Wilder notes this rally, while fervent, wasn’t that big a deal – maybe two hundred people. And there was “the absence of any remotely mainstream speakers” – Governor Rick Perry, who has been hinting at succession for months, decided not to show. He must have realized that many had been taking him seriously, taking him literally, and there are legal consequences for advocating such things. He was just expressing frustration, colorfully – and hoping to score political points with his base, for a way cool threat that would really upset the damned liberals. And no one from the office of Brandon Creighton showed up. Creighton had introduced House Concurrent Resolution 50 in the Texas House, asserting Texas’ “sovereignty” from the federal government. No doubt folks were milling about, muttering – all hat, no cattle, all hat, no cattle.

Wilder takes it from there:

Back in April, Perry flirted with the idea of secession when he told reporters after a Tax Day tea party event: “There’s absolutely no reason to dissolve [the Union]. But if Washington continues to thumb their nose at the American people, you know, who knows what might come out of that.”

Even for a governor who frequently plays to the more extreme elements in the Texas GOP, it was a gobsmackingly “out there” remark. But it certainly did wonders for the secession crowd – long a totally marginal and ridiculed group with about as much chance of capturing the mainstream imagination as the LaRouche cult.

But Perry had helped galvanize and embolden this “hate America” crowd:

After all, the governor of the second most populous state in the nation had suggested that secession was a possible solution to federal over-reach. Republican political leaders have helped bring “death panels” and the Obama birth certificate nonsense into acceptable discourse; Perry’s contribution has been bringing secession into the mix.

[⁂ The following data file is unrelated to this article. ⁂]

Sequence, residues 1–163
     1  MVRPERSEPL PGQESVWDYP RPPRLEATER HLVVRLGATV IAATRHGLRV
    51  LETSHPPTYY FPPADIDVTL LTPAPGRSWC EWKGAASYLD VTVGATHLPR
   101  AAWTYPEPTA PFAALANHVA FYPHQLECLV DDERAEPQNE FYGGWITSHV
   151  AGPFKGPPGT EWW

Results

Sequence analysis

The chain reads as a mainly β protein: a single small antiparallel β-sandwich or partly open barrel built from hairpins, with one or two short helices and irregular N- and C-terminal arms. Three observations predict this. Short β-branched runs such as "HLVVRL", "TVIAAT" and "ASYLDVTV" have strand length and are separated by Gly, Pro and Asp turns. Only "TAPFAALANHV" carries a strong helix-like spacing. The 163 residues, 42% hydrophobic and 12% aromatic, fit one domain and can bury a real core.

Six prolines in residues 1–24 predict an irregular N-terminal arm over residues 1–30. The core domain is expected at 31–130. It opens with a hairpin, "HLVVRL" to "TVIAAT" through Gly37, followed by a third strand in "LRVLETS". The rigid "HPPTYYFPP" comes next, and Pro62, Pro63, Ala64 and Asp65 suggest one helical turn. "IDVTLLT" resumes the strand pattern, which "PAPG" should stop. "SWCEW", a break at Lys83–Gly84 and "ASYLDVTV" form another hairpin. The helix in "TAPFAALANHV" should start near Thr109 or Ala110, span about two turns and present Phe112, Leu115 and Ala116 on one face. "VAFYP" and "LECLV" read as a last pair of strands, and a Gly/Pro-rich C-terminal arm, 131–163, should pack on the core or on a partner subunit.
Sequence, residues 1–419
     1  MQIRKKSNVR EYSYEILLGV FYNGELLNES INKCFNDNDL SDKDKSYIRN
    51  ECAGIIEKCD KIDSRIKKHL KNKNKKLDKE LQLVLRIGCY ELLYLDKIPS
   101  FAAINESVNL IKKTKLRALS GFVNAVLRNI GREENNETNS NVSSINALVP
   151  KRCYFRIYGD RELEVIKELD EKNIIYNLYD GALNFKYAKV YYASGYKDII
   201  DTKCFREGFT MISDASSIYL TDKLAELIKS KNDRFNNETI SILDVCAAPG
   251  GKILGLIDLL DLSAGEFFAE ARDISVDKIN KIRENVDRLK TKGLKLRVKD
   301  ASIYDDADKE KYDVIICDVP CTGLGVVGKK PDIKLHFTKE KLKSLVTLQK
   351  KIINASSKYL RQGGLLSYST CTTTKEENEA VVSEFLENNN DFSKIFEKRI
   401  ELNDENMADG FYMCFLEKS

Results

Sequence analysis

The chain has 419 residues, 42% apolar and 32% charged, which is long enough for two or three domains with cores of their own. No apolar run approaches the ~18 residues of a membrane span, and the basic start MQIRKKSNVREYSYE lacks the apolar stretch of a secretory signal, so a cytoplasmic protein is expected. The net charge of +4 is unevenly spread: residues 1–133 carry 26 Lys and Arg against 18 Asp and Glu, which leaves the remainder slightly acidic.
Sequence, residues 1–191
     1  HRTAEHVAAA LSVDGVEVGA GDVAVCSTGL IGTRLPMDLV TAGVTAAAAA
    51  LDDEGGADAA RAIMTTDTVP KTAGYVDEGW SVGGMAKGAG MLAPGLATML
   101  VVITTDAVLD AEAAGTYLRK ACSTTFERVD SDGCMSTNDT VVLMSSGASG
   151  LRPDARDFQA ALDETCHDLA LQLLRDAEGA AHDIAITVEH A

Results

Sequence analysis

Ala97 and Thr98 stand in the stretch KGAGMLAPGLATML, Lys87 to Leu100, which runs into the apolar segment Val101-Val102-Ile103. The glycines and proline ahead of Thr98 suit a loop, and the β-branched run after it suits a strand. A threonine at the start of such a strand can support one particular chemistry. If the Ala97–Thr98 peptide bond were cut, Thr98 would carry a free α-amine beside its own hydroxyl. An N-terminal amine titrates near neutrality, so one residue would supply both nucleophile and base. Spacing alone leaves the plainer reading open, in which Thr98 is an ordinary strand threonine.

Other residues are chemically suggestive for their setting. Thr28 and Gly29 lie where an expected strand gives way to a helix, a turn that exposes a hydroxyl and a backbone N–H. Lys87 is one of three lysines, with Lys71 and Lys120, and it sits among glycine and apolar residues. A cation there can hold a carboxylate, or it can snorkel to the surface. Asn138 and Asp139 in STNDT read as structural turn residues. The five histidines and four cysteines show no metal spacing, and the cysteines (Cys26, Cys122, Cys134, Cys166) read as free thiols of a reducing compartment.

And Wilder cites Daniel Miller, the leader of the Texas Nationalist Movement and “the only speaker who had the slightest ability to make secession sound like anything other than just complete lunacy” talking about the April 15 Tea Party Rally in Austin and what it meant to the secessionist movement:

When Perry was giving a speech and the crowd began to shout what? – Secede! Secede! Secede! That’s what they chanted. So they asked him afterward, what do you think? He said, well we reserve that right; if things get so bad we reserve the right to leave. And I gotta tell you it’s the first solid thing he’s done in his administration that I can agree with in many, many years.

And then the guy doesn’t show up. Wilder thinks he should have:

After all, Fox News is paying attention: Miller was a guest on the Glenn Beck Program on June 23, discussing the possibility of Texas seceding.

Now Perry will have to apologize to Glenn Beck and Rupert Murdoch or something. And it was a made-for-Fox-News event:

Though Perry and the “pro-sovereignty” legislators didn’t show for the rally, Miller said, “I want them to hear this loud and clear: It is time for them to take up that banner and it’s time for them to take the lead and if they do not, if they do not pick up that banner and carry it high, then we will.” Upon which Miller dashed out into the crowd, took hold of a “Come and Take It” flag, and continued his exhortations. Along with other speakers, he called for a special session of the Legislature – next week – to take up the sovereignty-or-secession debate in earnest.

The deal is that they want to deliver a petition to Perry demanding that Texas officials either “immediately move for the restoration of the complete and unadulterated Sovereignty of Texas, explicitly adhering to the 10th Amendment wording of the U.S. Constitution” – or “move immediately for complete Secession from the United States of America.”

Okay – bone up on the Tenth Amendment and Nullification and such things here – fascinating stuff. And consider Wilder’s account of this Texas crowd: